2. Hi Greg,

    Thank for the comments and for the interest. I love your comment "most rule sets do not have the vision to step out of the canonical box". I do not think that Arneson (or Gygax in the beginning) intended that there would be a "canonical box". As regards armour restrictions for Wizards as just one example I am currently play testing house rules that do not restrict the armour for Wizards along with a number of other things - I have posted a bit about that on my forum and will eventually be talking about it here too.

    Something that you may find of interest is the hostilty that some have reacted with to this definition. I was accused of trying to invalidate the way "that pretty much everybody else in the world has been playing the games for the past 41 years". I was told that my definition above would "require a genius-intellect referee who's probably devoting as much effort to it as a full-time job, a dozen or more dedicated players, and at least a year or two of playing time to develop and percolate and that those requirements effectively eliminate 99%+ of people who might be interested in playing the game.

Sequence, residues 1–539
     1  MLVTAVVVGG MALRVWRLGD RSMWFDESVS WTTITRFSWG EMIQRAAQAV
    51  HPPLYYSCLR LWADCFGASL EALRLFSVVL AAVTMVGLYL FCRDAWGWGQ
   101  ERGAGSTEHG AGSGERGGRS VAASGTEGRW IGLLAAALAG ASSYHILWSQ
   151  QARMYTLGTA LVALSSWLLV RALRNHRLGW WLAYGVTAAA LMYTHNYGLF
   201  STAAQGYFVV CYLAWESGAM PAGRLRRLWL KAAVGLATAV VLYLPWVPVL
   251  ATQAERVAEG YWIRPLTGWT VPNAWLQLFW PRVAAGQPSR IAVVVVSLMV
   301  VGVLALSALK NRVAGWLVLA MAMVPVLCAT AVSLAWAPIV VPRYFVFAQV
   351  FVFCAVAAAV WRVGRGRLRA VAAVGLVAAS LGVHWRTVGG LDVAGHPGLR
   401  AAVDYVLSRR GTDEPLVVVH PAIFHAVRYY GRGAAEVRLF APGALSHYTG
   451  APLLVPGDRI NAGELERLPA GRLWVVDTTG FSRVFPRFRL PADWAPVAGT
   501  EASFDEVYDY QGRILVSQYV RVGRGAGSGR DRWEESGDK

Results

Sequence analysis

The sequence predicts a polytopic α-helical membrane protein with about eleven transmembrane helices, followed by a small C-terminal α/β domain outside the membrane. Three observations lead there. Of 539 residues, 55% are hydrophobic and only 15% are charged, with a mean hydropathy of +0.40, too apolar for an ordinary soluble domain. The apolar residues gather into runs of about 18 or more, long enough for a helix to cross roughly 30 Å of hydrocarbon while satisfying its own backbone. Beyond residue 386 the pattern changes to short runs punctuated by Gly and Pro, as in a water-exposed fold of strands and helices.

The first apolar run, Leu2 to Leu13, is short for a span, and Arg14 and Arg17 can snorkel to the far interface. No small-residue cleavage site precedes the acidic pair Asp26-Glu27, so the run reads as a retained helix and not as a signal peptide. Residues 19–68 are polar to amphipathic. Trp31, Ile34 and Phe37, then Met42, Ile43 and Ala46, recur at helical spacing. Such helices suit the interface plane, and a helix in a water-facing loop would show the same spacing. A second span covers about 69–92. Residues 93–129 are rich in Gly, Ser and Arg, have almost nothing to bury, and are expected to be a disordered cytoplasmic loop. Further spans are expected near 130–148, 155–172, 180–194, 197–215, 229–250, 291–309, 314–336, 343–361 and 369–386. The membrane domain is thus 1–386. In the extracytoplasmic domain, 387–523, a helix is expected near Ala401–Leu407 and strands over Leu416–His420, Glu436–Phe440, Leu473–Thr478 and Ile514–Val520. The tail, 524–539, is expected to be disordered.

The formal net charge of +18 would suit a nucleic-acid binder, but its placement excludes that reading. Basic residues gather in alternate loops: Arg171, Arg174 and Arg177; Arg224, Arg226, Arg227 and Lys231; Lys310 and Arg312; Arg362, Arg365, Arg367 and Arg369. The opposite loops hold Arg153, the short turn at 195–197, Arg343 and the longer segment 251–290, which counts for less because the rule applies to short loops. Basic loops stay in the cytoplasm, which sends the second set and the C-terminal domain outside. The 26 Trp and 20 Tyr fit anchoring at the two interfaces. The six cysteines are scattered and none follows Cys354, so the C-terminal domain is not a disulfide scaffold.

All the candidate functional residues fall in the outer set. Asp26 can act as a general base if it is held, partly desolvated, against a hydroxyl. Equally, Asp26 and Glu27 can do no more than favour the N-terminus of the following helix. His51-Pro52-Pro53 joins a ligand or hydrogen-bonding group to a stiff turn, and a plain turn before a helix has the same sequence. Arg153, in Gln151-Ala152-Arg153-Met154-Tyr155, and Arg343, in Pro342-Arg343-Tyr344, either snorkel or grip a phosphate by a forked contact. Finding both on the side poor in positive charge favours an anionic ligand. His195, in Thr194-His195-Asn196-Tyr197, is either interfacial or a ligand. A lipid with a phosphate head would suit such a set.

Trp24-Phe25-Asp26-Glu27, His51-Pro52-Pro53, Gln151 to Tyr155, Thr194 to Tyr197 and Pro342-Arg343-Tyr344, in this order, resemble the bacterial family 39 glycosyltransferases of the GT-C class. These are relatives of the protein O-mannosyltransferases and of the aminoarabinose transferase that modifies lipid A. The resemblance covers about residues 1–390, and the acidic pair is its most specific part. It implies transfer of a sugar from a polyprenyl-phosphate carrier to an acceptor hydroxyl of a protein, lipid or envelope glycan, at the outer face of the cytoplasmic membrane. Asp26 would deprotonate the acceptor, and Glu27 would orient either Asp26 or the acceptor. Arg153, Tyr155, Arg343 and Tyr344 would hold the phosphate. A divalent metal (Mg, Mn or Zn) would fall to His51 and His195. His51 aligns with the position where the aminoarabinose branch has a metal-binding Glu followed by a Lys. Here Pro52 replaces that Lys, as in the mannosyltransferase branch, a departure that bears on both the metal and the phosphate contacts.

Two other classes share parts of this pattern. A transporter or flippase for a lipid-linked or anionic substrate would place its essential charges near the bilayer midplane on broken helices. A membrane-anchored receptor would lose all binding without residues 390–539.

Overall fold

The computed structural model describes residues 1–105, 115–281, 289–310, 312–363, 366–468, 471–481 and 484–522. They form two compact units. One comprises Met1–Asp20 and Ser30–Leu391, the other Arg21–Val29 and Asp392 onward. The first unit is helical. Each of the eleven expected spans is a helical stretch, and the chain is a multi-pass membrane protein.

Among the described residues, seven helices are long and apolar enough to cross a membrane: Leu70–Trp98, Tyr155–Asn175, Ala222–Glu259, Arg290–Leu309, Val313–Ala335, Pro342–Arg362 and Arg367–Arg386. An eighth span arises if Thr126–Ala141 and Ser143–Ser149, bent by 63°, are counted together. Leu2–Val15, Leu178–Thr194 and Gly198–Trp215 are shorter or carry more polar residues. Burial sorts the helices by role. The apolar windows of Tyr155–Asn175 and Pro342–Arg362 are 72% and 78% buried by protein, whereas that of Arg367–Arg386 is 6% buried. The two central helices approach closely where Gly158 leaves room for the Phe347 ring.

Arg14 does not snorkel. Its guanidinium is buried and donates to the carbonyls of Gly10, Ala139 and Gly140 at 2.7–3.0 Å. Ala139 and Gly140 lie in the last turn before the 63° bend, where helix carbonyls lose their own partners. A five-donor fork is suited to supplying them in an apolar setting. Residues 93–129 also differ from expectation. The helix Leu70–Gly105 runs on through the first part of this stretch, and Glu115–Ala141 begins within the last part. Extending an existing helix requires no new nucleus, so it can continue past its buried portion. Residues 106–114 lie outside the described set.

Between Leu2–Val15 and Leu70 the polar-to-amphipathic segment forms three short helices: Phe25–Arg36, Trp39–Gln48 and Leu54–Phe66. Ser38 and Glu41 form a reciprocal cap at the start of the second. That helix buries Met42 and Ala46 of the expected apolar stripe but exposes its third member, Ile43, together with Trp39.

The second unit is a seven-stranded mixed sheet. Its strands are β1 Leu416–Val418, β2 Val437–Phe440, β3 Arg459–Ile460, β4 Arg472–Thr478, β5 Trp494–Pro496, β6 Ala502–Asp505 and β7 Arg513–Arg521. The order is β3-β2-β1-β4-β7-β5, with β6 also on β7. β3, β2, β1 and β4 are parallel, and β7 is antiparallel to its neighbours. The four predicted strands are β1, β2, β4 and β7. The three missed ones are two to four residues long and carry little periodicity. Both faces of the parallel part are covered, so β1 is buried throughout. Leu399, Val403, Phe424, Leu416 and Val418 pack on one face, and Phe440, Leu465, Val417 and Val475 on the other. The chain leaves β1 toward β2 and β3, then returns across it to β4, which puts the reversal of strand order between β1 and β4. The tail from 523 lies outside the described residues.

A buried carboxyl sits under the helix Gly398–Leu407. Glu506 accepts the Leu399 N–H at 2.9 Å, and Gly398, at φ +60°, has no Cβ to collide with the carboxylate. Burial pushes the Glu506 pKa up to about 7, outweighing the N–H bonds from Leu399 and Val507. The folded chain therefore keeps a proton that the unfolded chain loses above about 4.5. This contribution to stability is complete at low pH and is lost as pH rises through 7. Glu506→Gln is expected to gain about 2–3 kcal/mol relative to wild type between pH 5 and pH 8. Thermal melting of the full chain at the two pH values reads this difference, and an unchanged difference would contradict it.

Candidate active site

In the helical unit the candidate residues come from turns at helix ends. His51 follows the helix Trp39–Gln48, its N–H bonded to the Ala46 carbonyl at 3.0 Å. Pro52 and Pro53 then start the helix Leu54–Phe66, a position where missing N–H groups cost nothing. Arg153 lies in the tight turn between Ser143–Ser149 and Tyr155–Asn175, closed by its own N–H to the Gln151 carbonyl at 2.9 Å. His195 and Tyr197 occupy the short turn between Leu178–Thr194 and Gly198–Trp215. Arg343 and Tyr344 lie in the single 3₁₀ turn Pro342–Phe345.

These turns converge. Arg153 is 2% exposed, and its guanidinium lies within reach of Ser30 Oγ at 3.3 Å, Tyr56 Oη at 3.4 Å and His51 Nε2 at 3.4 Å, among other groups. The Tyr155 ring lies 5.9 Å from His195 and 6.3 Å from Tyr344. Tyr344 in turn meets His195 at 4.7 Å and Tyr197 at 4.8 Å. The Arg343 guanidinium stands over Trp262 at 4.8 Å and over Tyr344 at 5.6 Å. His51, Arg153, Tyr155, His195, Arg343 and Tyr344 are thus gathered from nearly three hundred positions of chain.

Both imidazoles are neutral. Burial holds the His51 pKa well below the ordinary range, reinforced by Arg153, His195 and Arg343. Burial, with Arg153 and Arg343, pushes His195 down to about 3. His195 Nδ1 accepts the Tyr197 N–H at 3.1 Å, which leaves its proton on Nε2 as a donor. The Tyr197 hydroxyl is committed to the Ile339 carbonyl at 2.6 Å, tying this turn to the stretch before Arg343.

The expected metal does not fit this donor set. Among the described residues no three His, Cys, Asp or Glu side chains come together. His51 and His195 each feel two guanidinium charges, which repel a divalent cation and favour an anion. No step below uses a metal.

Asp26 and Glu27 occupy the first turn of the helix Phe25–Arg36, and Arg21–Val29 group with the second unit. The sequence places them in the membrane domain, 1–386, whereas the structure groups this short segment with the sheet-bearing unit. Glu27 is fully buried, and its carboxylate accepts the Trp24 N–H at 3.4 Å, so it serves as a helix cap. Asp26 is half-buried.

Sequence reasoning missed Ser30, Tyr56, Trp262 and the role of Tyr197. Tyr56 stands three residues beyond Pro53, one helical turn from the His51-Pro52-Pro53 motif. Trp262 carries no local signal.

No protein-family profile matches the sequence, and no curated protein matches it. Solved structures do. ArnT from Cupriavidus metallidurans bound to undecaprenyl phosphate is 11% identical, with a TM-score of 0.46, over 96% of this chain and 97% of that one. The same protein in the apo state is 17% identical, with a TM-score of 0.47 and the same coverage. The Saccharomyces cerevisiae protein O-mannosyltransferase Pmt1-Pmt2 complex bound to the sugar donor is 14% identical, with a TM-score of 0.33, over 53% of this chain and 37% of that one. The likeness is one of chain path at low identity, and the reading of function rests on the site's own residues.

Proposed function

I completely disagree with that assessment, as I believe it that pretty much any group can play in the way that I define old school gaming. Would it help to have a genius-intelect referee and a dozen or more dedicated players and lots of tme, of course it would. However, those things are not required. I believe that anyone can play this way if they choose to. Some other people gave me more helpful feed back and I will be posting about that before too long.

  3. Hi Halenar,